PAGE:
Let’s talk about sex: The disparity

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Let’s talk about sex: The disparity

Renee Pu

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Illustration by Renee Pu

I walked out of a pharmacy with a completed worksheet in my hand. The worksheet, recording the prices and functions of various sex protection products, was from my Biology class. I remembered how difficult looking at these products used to be for me and appreciated that I could receive sex ed and still be comfortable.

In seventh grade, before I moved to Cupertino from Shanghai, page 84 in our new science textbook riveted the entire class. In front of me, my classmate, smiling with anticipation, excitedly flipped through the book to show me the anatomy of the human reproductive system.

I looked away.

This was the first, and last, sex ed from the school.

On that day, everyone held their breath as the science teacher walked in. Each book was open to page 84, and we just couldn’t keep the sly smiles off our anticipative faces.

Without speaking, the teacher pulled out a DVD and clicked “play.” For the next 40 minutes, we watched a video about the reproductive system. It was the first time that we were able to sit with people of similar age and learn about the structures and functions of reproductive organs, and much to our delight, how a girl could swim with the help of a tampon. As we gasped in excitement over the unfamiliar terms, the teacher sat beside his computer with an indifferent gaze.

The next day we moved on to the next unit. Although we hadn’t learned anything from the teacher, the video still felt like an adventure. But there was something missing in it. We still had no idea how to apply what we had learned to life. What about sexually transmitted infections? What about consent? What about protecting ourselves in different situations? The video had content, but it wasn’t enough. We needed sex ed that was carried out by real people, from whom we could learn the appropriate attitude, who we could relate to, and who we could ask those questions that we pondered. And when the teacher was not comfortable teaching the topic, there was no way for us to understand how to deal with issues about sex properly.

So it was up to us students to decide what to say or what not to say, how to respond or how to not respond. Often, some people in my school in China would come up with risque jokes, and many would giggle and secretly spread them around. Others would look away and feel nauseous and try hard to keep the disturbing images off the mind. I had no appetite for days, especially when eating a hot dog.

I started at MVHS as a junior and took freshman Biology, which provided me a second chance to learn sex ed. I was very shocked by the terms that came up in class and the straightforward assignments, like asking pharmacists about sex protection products. And most of all, how we comfortably discussed our questions and related what we learned to our lives.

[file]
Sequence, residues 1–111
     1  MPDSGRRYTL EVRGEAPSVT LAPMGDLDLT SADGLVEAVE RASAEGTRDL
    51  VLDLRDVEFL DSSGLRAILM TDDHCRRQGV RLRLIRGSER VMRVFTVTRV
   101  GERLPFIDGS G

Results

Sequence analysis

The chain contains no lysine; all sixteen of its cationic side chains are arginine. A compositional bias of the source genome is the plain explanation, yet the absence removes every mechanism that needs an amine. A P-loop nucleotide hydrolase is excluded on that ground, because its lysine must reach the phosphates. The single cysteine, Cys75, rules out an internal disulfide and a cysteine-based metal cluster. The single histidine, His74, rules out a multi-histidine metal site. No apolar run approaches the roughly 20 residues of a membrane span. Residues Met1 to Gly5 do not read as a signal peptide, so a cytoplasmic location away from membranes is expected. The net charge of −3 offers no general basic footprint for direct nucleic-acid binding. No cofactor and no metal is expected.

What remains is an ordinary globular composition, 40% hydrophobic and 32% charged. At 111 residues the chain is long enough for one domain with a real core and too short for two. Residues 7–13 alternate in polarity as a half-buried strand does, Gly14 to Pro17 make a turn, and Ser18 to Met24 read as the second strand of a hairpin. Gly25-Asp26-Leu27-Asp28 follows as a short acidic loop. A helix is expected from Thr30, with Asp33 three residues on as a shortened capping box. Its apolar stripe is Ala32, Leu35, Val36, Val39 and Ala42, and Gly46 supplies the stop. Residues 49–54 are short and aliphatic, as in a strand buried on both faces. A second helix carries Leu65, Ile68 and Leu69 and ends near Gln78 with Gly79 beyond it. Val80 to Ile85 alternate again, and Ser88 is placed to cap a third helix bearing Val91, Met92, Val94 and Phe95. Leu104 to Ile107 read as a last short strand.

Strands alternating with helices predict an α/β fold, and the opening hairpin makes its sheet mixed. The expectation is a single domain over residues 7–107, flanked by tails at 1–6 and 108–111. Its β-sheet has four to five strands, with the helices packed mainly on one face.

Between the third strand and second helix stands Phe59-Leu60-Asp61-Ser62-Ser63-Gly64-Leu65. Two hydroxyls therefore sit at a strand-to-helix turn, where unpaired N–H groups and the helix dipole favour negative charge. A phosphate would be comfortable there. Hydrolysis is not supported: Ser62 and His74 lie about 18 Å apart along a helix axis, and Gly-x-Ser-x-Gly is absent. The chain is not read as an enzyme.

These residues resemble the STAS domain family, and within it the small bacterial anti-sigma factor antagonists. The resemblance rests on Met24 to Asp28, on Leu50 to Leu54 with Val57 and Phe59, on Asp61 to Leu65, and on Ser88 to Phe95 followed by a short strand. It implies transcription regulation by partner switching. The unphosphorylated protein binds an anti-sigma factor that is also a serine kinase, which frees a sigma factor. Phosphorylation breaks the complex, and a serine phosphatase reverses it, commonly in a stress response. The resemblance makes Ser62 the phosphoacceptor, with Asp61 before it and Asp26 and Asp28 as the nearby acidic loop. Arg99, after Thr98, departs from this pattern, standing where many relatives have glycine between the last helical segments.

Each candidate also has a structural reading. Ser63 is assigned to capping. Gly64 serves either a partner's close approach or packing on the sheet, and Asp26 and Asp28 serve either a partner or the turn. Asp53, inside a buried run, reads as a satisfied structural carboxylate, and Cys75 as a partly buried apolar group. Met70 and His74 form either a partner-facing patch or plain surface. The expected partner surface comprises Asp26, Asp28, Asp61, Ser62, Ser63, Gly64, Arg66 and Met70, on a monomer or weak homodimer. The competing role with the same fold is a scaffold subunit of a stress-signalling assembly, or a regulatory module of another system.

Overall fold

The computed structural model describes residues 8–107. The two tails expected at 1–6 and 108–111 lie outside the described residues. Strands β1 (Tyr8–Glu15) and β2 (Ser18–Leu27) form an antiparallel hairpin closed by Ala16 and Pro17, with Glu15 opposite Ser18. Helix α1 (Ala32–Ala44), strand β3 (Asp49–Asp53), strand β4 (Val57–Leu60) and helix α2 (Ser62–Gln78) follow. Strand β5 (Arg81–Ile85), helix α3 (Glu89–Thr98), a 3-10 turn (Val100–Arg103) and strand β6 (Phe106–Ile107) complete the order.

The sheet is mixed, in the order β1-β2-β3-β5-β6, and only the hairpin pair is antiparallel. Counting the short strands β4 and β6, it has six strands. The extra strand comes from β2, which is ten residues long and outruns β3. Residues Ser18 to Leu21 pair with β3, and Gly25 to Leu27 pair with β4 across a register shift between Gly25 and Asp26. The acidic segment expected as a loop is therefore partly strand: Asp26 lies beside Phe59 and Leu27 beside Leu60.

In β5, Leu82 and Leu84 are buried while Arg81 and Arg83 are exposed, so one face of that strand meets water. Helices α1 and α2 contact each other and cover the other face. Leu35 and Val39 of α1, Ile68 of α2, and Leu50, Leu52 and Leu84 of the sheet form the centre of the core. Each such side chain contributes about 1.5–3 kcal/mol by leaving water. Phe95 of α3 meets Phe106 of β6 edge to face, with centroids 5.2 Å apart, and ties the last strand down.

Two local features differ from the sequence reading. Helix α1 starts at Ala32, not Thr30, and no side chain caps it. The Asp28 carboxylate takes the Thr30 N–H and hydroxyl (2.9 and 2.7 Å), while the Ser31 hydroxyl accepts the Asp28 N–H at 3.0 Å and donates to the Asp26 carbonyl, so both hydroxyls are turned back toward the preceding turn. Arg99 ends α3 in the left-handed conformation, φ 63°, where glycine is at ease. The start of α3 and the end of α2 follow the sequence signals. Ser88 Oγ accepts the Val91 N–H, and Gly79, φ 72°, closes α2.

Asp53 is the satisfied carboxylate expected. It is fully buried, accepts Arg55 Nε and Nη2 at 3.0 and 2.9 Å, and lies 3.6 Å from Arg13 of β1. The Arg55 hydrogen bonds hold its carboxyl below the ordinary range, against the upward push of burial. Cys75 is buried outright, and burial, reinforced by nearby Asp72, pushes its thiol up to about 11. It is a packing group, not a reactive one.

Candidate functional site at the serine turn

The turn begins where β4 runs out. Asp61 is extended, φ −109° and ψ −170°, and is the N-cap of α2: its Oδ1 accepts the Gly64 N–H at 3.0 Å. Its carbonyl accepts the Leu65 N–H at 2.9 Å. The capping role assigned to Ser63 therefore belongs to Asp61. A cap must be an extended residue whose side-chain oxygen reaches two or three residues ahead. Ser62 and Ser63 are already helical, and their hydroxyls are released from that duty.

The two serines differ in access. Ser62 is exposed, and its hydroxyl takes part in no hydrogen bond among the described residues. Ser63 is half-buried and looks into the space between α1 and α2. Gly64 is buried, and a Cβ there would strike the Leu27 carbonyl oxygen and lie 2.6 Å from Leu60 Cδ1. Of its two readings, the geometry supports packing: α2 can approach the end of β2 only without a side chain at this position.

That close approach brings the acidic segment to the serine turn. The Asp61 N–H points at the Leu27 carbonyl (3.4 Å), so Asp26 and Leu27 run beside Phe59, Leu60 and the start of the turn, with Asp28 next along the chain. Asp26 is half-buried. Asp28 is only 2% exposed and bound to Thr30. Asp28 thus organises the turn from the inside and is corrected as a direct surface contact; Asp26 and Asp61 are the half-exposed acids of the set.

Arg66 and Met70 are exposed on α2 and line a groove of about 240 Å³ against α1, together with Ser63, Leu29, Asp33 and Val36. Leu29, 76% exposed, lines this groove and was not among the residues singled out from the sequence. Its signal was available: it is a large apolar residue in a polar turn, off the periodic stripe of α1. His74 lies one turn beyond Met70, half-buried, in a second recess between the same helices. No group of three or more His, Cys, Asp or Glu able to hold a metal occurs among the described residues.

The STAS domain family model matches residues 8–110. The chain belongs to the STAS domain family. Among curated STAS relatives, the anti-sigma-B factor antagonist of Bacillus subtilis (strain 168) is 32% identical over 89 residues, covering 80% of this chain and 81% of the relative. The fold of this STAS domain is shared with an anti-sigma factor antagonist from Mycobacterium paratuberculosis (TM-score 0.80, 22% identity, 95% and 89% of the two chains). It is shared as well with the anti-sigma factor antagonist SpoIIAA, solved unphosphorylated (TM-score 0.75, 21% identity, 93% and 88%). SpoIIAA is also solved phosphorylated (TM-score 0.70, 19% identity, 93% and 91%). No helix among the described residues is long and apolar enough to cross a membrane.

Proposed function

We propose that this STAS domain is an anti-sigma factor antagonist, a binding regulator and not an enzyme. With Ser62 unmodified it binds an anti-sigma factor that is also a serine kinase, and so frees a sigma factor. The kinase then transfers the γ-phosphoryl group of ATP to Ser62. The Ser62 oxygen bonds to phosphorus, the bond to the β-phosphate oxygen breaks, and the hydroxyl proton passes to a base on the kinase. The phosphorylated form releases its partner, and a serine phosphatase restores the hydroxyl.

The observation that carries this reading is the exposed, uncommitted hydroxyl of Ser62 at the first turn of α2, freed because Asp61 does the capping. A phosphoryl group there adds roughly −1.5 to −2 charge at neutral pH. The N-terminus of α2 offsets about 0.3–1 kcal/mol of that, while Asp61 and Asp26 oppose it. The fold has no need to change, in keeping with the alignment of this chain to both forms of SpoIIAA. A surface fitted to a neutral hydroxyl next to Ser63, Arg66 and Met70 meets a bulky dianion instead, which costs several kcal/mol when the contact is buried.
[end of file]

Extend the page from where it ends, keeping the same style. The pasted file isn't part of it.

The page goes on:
Screen Shot 2016-02-03 at 7.12.21 PMScreen Shot 2016-02-03 at 7.12.35 PMI discovered that it is okay to talk about sex because it’s not shameful. The reproductive system is part of a person’s body just as the circulatory system is, and sex can be an important part of a romantic relationship. Being able to understand sex and to discuss it is an essential aspect of protecting ourselves and learning to make the right decisions for our lives.

In my old school, we were kept away from the topic to protect innocent children from the adult world, but students are eventually going to grow up and experience society. They’ll even go through the very obstacles that adults are unwilling to talk about. Understandably, sexuality may be an uncomfortable topic for people from more traditional cultures, but sometimes taking one step out of the parents’ and educators’ comfort zone is what they need to do for the benefit of the children in the long run.

And by talking about sex, we’ll understand it more. We’ll understand how to take care of ourselves and be responsible for our behaviors, so that we can stay away from the dangers that concern the people who care about us. So that we are actually protected.

I feel grateful that I now understand what we should learn from sex education. But, I still have to work on being comfortable about talking about sex. When we were given a fill-in-the-blank question in Literature with the correct answer “penis,” I could only secretly suspect the answer and write down an alternative answer, “the brain?”, instead. I didn’t even think about writing down the word “penis.” What if I thought wrong? What if it was inappropriate? When the teacher showed us the correct answer, I eventually realized that it was time to move on from the conservative culture of my past.

For me, talking about sex takes time and a lot of courage, but I appreciate the chance to discuss it and be educated. And writing about it, as I found out, is just as hard, and as helpful, as talking.